I have another book called City Birds/Country Birds about how to attract birds anywhere from an urban apartment to a rural yard.  I started in the bird feeding industry and worked for a Twin Cities wild bird feeding company for about 8 years. I’m currently working on a third book about general birding due out in Spring 2013.

I used earn a living by doing several small jobs that equal into one big job: part-time National Park Ranger for the Mississippi National River and Recreation Area. My writing has been in several publications including WildBird Magazine, Birding Business and Outdoor News. And I traveled around to nature festivals and events and give workshops on digiscoping, attracting birds, a tech guide to birding, beekeeping or just some humorous short stories.

I currently have a full-time job with Westwood Professional Services as an Avian Field Ecologist meaning I help determine what risks a construction project could have for birds and how we can make it as safe as possible for them.  It’s a lot of field work…and paperwork but it’s honor to have a job where I can be a voice for our birds.

I still travel to birding and nature festivals and write when I can. If you are interested in booking me, please email me and check out my list of offerings on this page.

You’ll see some sponsors or ads on my site.  All of them are companies I actually love and use.  Swarovski is a wonderful partner for my site.  I’ve known about Swarovski for years and met Clay Taylor years ago at a birding convention.  When I worked for Eagle Optics and people would ask what the best binoculars are, I would answer, “Swarovski!”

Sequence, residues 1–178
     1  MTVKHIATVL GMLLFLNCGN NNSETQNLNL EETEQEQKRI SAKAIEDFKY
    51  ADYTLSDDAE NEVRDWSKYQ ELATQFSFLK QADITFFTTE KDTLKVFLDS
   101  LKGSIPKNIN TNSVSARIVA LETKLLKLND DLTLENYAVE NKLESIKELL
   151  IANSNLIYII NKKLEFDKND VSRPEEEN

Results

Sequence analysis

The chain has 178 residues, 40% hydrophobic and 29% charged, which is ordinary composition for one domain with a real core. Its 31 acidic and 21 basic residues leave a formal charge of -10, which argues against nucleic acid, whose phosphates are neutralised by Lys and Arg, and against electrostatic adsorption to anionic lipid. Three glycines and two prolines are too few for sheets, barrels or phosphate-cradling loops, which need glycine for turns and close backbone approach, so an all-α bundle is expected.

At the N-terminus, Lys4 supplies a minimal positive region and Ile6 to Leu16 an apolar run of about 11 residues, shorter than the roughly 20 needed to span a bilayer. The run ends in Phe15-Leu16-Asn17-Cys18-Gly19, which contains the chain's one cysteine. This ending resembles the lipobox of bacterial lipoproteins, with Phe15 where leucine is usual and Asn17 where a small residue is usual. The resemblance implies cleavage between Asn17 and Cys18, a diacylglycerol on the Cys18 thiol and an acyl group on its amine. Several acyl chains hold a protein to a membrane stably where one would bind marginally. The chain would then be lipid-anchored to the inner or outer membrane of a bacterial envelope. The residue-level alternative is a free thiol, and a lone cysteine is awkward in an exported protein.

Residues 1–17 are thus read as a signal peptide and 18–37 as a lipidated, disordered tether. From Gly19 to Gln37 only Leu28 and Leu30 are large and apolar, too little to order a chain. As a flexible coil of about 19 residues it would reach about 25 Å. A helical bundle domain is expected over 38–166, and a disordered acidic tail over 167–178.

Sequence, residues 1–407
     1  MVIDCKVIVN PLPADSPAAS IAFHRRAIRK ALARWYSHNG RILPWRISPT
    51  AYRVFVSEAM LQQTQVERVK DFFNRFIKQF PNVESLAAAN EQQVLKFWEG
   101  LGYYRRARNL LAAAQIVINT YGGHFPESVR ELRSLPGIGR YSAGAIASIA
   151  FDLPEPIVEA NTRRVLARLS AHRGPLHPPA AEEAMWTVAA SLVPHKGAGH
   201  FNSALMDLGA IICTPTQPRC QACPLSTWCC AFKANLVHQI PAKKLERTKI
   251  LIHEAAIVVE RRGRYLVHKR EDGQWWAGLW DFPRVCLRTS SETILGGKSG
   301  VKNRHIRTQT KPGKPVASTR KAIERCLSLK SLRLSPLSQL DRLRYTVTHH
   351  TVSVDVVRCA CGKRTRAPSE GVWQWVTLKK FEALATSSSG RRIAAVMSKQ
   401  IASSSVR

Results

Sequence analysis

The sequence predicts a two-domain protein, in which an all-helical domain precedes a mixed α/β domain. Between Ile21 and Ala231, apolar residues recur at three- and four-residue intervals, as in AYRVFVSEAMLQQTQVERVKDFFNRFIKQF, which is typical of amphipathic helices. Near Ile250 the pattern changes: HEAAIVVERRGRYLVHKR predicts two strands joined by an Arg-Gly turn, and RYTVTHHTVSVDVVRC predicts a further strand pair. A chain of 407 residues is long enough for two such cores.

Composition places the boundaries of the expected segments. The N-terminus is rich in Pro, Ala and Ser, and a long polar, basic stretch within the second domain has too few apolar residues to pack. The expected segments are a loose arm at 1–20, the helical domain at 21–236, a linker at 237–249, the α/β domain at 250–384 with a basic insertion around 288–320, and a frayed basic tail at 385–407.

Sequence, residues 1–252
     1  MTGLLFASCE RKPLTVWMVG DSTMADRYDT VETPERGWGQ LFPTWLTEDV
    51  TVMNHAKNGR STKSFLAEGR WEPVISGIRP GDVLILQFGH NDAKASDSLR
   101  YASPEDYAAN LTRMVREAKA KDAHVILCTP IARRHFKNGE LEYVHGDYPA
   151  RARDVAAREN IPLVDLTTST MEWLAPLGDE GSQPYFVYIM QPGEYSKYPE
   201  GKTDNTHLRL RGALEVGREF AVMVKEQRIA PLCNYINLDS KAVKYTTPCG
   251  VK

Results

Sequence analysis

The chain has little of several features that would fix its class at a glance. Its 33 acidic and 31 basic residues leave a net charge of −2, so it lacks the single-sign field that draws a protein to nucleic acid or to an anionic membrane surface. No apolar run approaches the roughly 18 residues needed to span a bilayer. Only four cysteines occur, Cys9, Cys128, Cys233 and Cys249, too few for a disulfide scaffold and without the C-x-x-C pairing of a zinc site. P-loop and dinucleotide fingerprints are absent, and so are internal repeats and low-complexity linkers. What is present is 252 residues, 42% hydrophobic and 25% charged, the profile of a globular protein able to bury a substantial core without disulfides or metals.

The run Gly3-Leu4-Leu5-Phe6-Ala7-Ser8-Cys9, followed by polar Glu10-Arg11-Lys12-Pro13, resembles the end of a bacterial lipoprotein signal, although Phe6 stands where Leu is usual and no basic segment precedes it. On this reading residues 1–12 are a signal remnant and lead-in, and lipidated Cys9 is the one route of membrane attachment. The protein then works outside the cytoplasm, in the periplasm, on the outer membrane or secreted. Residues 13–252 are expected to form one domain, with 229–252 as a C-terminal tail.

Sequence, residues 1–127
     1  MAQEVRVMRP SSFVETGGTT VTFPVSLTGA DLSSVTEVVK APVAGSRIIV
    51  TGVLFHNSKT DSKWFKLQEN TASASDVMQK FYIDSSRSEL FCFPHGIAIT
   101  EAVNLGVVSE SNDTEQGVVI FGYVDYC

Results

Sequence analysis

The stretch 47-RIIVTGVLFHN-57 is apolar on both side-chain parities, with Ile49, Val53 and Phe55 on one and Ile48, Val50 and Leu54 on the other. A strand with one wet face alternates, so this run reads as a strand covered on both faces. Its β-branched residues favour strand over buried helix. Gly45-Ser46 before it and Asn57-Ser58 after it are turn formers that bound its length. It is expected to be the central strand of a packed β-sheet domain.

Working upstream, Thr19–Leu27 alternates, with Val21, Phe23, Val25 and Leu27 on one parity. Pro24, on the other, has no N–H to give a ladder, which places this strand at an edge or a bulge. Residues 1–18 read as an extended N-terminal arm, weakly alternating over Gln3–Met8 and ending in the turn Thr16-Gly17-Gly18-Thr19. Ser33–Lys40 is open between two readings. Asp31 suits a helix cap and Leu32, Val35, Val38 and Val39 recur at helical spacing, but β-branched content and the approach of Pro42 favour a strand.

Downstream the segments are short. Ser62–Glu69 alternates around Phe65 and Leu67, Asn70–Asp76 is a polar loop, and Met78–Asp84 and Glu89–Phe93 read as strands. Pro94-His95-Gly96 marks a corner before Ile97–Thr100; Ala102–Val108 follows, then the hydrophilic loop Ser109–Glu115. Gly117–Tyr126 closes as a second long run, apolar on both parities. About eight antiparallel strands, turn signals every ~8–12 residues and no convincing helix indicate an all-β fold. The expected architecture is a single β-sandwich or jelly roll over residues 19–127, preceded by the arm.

As my blog gained momentum and I was looking at the possibility of sponsors, Swarovski asked if we could partner up.  One of the reasons I love them is that their optics are clear and for a shorty like me, they are light weight and easy to carry.  Also, Swarovski funds quite a few conservation projects around the world.  One being the sociable lapwing in Kazakhstan. They are a great company with great product and they give back to the birding community.

I just wanted to use this shot I got of a perplexed violacous trogon I got in Panama.

I hope this answers some of your questions.  I’m also on YouTube, Twitter and we created a page on FacebookI have a personal profile on Facebook but I only friend people I know really well because I mostly use it with my large family and quite frankly, I can be obnoxious when unfiltered on Facebook. I do have a lot of family on Facebook and early on when I friended anyone who friended me, some odd people I didn’t know started involving themselves on my family’s pages and so I decided that since I’m so public on Twitter and the blog, Facebook would be private.  But, the fan page is a great way we can get to know each other, I check it daily (sometimes several times a day).  Feel free to post interesting bird stories or even a photo of a bird that you would like to be identified.

I hope you enjoy what you see on my site.  I cover all sorts of things like bird banding, edible fungus, bird festivals, caterpillar ranching or pretty much if it’s interesting to me, I’ll put it in the blog.  From time to time I make it onto tv and radio in the Twin Cities and early on when this blog started, I took a news crew from NBC Nightly News out to see great gray owls.

Below is my original manifesto for my site.  This was from 2004 and there were very few birding blogs out there and I was tired of an attitude I saw in a lot of hardcore birders towards newbies or casual birders.  Now there are a ton of birding blogs out there and it’s not needed, but this is still the general spirit of my blog:

The Bird Chick Manifesto

Welcome to!

I enjoy birding; freakishly so.

Many people do enjoy birding and some argue over how you should do it.

There’s no right or wrong way to do it, and as long as you aren’t wiping out a whole species by the way you enjoy birds, do what feels good to you.

If you enjoy listing and categorizing every bird you see—that’s terrific. If you like to peek out your window and see a cardinal at your feeder—that’s great. If you think that red-tailed hawk flying overhead is your spirit guide—more power to you.

Just get out there and watch the birds.